If it’s time to install a new fixture, increase your savings by choosing low-flow products and high-efficiency appliances. If you decide to work on a leak yourself, don’t forget to turn off the water to the fixture. Leaks in underground pipes require the assistance of a professional plumber.

  • Toilets. Test your toilet for leaks by adding a dye tablet or 10 drops of food coloring to the tank. Wait 10 minutes. Check the bowl for color. If the water shows the food coloring, your toilet is leaking. Flush to remove the color. Installing a new flapper may fix the leak. Learn how to replace the flapper with our tutorial.
  • Faucets. Faucets may leak when gaskets and washers wear out. For more help, check out our guide to repairing a leaking faucet.
  • Showerheads. Check the connection between the showerhead and the pipe stem. You may need be able to fix the leak by taking the showerhead apart, removing the buildup and installing a new O-ring. Pipe tape can temporarily hold a leak until a repair can be made.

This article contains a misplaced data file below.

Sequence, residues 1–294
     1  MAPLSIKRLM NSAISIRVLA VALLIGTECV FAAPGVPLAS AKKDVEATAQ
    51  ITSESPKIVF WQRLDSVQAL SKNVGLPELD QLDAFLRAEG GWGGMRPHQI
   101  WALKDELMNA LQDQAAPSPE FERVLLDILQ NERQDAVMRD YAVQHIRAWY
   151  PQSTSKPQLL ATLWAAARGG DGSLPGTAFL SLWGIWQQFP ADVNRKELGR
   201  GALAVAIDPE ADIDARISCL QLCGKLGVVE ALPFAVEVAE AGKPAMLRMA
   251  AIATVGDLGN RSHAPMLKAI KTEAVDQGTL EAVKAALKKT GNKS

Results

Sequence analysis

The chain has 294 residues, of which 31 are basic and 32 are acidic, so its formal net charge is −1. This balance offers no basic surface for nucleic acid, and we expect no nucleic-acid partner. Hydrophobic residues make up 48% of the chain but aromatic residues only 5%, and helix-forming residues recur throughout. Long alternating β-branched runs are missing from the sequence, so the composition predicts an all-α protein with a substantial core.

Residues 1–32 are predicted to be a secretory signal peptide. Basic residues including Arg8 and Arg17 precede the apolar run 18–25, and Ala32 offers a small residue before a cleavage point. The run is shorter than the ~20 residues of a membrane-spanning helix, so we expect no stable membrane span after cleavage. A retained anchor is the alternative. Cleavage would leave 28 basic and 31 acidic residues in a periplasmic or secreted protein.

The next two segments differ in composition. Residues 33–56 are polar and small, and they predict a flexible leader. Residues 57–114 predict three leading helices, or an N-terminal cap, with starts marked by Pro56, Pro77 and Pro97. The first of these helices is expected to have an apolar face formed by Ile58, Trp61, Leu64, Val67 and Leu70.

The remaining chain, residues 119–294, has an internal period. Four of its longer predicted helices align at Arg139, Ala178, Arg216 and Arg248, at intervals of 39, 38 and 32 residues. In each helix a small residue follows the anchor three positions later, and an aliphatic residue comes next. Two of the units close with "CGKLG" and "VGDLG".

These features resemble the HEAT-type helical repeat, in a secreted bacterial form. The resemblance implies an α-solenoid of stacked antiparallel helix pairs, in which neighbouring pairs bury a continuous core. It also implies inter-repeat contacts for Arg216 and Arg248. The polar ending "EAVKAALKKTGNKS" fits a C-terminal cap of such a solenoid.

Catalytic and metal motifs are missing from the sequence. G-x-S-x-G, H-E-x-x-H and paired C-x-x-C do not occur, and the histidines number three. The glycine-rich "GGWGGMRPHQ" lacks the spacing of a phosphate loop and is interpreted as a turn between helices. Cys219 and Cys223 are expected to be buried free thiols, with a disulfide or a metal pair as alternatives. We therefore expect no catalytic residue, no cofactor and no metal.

• Pipes in walls: The repair work for an in-wall pipe is more involved than for a fixture. Plumbers have the skills and tools to make these repairs most effectively.
  • Irrigation systems: In-ground systems can be damaged during winter freezes. Check your system for leaks each spring. Minimize the risk of leaks by winterizing in the fall.
  • Garden hose: Check outdoor spigots. If you find a leak where the hose connects to the spigot, replace the washer in the hose.
  • Underground leaks: There are several signs of an underground, including: wet spots in the landscape, unusually green or soft areas in your lawn, rusty or dirty water, sinkholes and heaving pavement.

Meticulous Plumbing is here to help. We’ll help you find leaks and recommend the most effective fixes. Get in touch today!